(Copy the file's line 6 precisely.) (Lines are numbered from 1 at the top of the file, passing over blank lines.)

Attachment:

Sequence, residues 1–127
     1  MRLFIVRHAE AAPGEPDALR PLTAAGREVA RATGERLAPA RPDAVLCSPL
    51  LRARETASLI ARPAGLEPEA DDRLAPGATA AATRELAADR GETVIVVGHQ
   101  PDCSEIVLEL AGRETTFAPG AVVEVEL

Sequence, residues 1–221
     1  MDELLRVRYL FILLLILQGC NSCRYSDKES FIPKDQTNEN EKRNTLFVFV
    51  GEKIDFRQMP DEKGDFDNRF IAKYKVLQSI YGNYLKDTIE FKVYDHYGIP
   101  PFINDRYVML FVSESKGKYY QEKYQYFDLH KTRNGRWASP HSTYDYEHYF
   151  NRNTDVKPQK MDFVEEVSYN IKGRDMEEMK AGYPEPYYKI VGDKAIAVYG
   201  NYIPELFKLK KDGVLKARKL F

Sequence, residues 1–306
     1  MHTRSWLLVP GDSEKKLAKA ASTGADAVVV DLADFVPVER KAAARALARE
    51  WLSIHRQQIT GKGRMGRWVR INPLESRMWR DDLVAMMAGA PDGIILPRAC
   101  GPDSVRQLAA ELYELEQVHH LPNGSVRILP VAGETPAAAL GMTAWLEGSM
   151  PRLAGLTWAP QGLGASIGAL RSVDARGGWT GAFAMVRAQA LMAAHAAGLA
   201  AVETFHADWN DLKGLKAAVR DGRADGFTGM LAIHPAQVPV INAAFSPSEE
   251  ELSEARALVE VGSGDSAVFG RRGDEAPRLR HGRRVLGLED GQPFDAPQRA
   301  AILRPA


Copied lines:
     1  MDELLRVRYL FILLLILQGC NSCRYSDKES FIPKDQTNEN EKRNTLFVFV